Rebecca Crumrine Rieder

Rebecca Crumrine Rieder.

Occupation: Judge, Superior Court of Fulton County; Judge, Superior Court Behavioral Health and Treatment Court. Additional court responsibilities presiding over Behavioral Health Accountability Court

Other community service experience: Professional Organizations: American Academy of Matrimonial Lawyers, Georgia Chapter Officer; State Bar of Georgia, Prior Section Chair; Atlanta Bar Association, Section Board Leader; Bleckley Inn of Court. Community Organizations: Holy Innocents’ Episcopal Church, Sandy Springs, Member and Rector Search Committee; Fulton County Superior Court Family Law Task Force Committee; University of the South, Sewanee Alumni Board; Atlanta Volunteer Lawyers Foundation, Pro Bono Representation; Breakthru House (Recovery Program for Women), Prior Woman’s Advisory Board; Neighbor in Need, Inc.,  Prior Board Member; Oakland Historic Cemetery, Prior Board Member.

What is motivating you to run for this office?

I am the incumbent running to continue to represent the people as a Superior Court judge. After 17 years serving metro Atlanta as a litigator, I bring my vast experience and legal knowledge to the bench and serve the people of Fulton County. People before the court are in crisis and courts are about people. I am fair, impartial and patient, and hold all responsible pursuant to law. I treat all people with dignity, listen to the evidence, and decide and rule in a timely fashion.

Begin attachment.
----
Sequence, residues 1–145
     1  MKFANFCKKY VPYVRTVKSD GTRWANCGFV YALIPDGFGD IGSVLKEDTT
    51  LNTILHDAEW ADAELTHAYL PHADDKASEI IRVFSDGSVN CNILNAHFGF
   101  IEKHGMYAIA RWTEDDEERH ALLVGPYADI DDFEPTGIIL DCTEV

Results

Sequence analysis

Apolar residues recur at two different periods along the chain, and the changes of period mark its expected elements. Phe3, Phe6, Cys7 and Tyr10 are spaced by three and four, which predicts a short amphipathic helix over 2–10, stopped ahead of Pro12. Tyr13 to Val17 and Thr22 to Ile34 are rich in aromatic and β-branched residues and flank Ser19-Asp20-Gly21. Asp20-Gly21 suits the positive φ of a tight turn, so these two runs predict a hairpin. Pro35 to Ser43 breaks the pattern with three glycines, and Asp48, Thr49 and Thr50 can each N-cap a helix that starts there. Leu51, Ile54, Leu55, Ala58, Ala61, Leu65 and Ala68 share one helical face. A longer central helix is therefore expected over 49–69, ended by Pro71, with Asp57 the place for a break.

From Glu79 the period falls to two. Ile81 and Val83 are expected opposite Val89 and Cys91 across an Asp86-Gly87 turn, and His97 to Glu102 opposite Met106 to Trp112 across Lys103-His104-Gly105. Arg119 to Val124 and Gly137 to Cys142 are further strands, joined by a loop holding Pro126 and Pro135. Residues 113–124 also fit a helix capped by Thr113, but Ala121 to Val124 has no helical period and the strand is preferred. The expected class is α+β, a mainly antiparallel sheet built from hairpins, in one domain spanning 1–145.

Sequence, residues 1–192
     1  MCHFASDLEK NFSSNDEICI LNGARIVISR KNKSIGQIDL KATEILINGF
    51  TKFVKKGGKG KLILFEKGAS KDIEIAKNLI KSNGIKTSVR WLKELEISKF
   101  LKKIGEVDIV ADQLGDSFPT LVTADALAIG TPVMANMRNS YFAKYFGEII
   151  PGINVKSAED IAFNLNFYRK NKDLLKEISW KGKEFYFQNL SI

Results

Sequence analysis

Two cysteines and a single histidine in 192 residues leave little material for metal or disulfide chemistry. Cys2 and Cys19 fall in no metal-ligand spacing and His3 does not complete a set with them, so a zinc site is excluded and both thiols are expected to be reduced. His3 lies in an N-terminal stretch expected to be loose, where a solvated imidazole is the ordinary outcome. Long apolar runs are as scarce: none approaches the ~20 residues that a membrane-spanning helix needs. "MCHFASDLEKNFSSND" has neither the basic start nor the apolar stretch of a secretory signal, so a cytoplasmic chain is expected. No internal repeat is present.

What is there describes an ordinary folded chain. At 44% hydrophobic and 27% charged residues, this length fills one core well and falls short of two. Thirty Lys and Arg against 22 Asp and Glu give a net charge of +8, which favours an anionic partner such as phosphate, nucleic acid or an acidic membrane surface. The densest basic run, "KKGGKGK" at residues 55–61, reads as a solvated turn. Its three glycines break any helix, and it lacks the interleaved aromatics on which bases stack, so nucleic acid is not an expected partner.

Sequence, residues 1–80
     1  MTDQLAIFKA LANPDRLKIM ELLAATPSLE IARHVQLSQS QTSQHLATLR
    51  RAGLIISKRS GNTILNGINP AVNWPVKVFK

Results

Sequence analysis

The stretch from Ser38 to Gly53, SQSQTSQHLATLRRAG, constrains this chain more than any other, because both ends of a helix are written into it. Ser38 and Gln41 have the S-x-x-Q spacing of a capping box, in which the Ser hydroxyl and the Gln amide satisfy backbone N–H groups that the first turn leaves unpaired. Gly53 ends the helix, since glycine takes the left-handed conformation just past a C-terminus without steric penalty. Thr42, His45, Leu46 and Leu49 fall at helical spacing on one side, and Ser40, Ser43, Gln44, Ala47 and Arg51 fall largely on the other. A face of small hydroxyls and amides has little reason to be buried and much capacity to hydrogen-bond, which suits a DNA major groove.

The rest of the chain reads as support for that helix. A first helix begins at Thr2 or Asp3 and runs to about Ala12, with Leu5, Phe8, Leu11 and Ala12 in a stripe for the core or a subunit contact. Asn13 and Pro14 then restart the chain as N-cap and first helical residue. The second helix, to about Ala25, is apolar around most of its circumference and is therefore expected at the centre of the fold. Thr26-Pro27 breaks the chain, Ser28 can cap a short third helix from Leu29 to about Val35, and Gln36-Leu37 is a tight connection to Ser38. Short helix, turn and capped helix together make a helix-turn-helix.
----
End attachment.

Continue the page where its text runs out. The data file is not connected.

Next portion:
What is the biggest issue facing the court system and how will you address it?

Backlog. And, in the 17 months I have been on the court, I have brought resolution to the people in crisis assigned to my division while maintaining independence, integrity and impartiality of the judiciary. I have a responsibility to enhance and maintain confidence in the legal system. By maintaining effective case management, my chambers staff and I are able to prioritize cases and dispose of judicial matters fairly, promptly and efficiently.

Why should voters keep you in this position?

I am honest, fair, experienced, diligent and treat all people with dignity. I abide by the Georgia Code of Judicial Conduct. I rule timely, with due diligence and by the law. My record, my 17-plus years of litigation practice, my case count and the disposition of cases assigned to the division I oversee support these statements. I give of my time to improve the efficiency and independence of the division. The supporters of keeping me in office include those who appear before me in court.

What strengths and weaknesses have the coronavirus pandemic crisis revealed in the court system?

In Family Division we are keeping it up and running: helping families navigate through crisis. I went into action to reschedule family law cases, set up teleconferencing and video conferencing to keep family law cases moving in the courts. Families in domestic litigation are already in crisis. We set up Zoom accounts and populated notices to all parties so any immediate issues may be addressed by consent.

Concerns are already being identified and the Superior Court is presently weighing various options. One of the major issues is jury attendance, proceeding with indictments and to fill jury pools.

John Ruch

John Ruch is an Atlanta-based journalist. Previously, he was Managing Editor of Reporter Newspapers.